Remembering the real King on MLK Day

By Michael Kinney

The annual Martin Luther King Jr. Day celebration has come and gone again around the country.  Held on Monday, Jan. 16, it has reached national holiday status in which students and many workers get the day off.  

The Oklahoma City Thunder is one of the organizations that makes sure they honor the holiday by sending their players into the community. This year, a trio of Thunder joined broadcaster Michael Cage at Thelma Parks Elementary on January 17 to celebrate King’s legacy of giving back to the community.  

While at the Thelma Parks Cage read and distributed free copies of Brad Meltzer’s “I Am Martin Luther King Jr.” to a group of students during a Reading Timeout.  

“Things like this provide an opportunity for our kids to get exposed to community leaders, with people who are in the community doing great work and giving back,” said Thelma Parks Principal Jessica Johnson. “The Thunder has always been a great supporter in that and exposing our kids. To hear from him and his experiences, it was wonderful. He talked about how as a kid when he was growing up and remembered when Dr. Martin Luther King passed away. He really didn’t understand it at that time.” 

When Cage was done, Thunder players Tre Mann, Mike Muscala and Aaron Wiggins made their appearance in the school cafeteria. They joined selected members of the boys’ and girls’ basketball teams to create 60 gift baskets that will go to residents at the Mount Olive Senior Cottages.   

The activity gave the players a chance to interact with the students and discuss school, basketball and whatever else is going on in their lives. 

However, it also enabled the Thunder to think back to when they were the same age and learning about King.  

“I remember him just not being afraid to challenge norms and to change the landscape of humanity really, especially in this country,” Muscala said. “Just having that voice and just standing up for what he felt was right.” 

Muscala is also glad that the new generation of students, like the ones he met at Thelma Parks, are learning some of the same significant traits that have made MLK an icon. 

“Because there’s going to be challenges in their lifetime as they get older that this collective group of people is going to need to hear voices too, hear a strong voice that’s not afraid to come out and say what they think is right,” Muscala said. “That’s a challenge of getting older is when you feel strongly about something are you going to stand up and say something or not be afraid to. Maybe it’s right, maybe it’s wrong, but just saying what you feel.” 

However, there are those who believe that is not the message that is coming out when King is talked about these days. To some, the image of King has been sanitized and whitewashed and the general public is only getting a caricature of who the man really was and stood for.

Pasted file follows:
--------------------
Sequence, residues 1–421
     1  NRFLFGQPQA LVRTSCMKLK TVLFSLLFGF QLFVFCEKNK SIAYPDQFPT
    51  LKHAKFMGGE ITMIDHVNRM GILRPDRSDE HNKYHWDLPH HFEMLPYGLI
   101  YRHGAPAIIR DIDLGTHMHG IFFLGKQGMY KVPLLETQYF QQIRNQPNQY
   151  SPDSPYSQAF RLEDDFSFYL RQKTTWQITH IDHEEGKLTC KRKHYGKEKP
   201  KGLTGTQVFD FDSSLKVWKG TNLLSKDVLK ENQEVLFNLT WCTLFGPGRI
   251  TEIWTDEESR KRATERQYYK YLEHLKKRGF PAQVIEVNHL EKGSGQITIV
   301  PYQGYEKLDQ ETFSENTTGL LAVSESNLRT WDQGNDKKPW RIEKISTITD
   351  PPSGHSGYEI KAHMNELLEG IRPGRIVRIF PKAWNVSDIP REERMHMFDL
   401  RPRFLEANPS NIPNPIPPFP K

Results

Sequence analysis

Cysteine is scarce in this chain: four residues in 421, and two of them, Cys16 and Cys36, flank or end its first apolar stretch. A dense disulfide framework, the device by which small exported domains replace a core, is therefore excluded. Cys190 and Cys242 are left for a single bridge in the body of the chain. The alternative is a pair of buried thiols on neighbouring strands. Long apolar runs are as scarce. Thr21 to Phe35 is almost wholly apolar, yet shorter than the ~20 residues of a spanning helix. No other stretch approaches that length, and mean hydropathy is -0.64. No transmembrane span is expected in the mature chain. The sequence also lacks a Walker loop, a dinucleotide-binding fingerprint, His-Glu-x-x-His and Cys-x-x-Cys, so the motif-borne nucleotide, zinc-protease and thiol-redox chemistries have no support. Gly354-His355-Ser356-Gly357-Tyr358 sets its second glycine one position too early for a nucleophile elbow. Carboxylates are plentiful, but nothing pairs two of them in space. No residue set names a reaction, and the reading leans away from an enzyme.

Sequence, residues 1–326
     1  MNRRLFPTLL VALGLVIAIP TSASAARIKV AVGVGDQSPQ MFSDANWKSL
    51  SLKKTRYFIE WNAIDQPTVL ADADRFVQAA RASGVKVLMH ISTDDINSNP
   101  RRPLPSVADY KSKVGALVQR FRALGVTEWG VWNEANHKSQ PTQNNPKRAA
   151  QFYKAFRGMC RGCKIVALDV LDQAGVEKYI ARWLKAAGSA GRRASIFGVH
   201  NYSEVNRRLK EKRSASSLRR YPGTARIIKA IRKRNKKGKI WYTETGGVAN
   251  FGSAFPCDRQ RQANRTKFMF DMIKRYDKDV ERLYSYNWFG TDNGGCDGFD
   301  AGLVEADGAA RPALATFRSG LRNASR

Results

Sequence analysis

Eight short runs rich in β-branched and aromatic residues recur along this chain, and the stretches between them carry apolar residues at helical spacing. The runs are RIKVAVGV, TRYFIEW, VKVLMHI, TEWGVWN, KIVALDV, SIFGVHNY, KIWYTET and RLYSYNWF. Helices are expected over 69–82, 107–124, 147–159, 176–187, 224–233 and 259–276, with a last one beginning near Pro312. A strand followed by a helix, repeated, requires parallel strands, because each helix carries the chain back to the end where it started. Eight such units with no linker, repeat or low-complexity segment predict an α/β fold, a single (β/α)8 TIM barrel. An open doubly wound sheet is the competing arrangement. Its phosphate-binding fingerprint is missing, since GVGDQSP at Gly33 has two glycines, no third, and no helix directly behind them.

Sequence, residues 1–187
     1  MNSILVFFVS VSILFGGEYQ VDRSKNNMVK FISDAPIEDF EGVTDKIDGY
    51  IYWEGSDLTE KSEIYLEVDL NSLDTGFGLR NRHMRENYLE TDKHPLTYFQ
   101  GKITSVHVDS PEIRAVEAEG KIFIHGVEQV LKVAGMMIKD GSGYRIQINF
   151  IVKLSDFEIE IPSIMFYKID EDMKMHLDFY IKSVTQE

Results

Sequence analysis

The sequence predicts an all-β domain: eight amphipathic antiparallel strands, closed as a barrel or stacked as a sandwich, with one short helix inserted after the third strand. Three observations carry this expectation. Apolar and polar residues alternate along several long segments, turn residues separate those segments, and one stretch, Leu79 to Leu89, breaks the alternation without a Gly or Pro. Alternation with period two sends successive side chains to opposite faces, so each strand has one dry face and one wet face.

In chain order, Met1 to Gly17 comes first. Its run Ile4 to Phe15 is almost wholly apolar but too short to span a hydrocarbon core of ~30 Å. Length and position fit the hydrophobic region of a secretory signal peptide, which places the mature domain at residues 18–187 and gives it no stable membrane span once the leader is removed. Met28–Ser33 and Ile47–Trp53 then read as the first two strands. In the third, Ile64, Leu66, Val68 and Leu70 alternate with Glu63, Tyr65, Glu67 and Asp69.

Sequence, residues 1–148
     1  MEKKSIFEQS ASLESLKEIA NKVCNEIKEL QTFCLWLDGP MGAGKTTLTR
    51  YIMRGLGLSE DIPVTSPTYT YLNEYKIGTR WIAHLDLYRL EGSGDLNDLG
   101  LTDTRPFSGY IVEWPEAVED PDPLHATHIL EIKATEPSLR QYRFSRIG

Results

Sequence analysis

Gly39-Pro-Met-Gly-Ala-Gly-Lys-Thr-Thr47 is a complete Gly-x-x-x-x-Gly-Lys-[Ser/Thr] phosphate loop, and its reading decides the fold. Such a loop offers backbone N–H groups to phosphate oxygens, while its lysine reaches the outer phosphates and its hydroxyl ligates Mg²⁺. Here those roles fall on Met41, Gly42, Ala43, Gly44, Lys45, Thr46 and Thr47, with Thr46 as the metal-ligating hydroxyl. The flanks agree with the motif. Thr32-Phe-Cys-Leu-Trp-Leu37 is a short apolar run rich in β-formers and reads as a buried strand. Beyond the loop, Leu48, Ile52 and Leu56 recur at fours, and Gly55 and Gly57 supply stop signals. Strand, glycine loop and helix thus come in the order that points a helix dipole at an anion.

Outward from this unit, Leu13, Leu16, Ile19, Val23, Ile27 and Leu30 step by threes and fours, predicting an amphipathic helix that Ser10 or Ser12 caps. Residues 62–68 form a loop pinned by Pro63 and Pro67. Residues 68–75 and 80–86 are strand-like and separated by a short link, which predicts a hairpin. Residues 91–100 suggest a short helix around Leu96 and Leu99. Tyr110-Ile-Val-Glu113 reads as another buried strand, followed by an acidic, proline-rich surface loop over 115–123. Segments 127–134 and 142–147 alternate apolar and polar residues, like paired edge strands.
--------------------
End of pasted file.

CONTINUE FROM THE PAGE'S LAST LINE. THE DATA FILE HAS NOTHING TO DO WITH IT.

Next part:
Civil rights hero, non-violent protest and his famous I have a Dream speech seem to be the sum of what you see in the media or taught in even higher education.  

Most people forget King was at one point considered a revolutionary because he led the charge against police brutality, was under constant FBI surveillance, he was for a universal basic income and believed in financial freedom.  He was labeled a race baiter, a socialist, an antagonist and unpatriotic because of his stance against the Vietnam war. 

 In 1966, two years before he was murdered, a Gallop poll measured his approval rating at just 32 percent. Yet, King refused to be silent or be cowed into changing his stances.  

These are not the facts that are taught today or even brought up. Some of the reasons have to do with the current political climate. But that is not the only reason. People just don’t know or were never taught themselves as the revolutionary side of King has slowly been erased from the history books. 

Yet, the 21-year-old Wiggins sees it differently. The second-year pro is more optimistic.  

“If anything, I’d say that a lot of young people are beginning to kind of embrace a lot of what he had in terms of standing up for the things they’ve believed in and the things that they feel are right,” Wiggins said. “I think people are embracing Martin Luther King’s energy and his ability to kind of stand up for what’s right. So, if anything, I wouldn’t say we’re fading, but more so embracing a lot that he brought to the table.” 

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Photo: Michael Kinney

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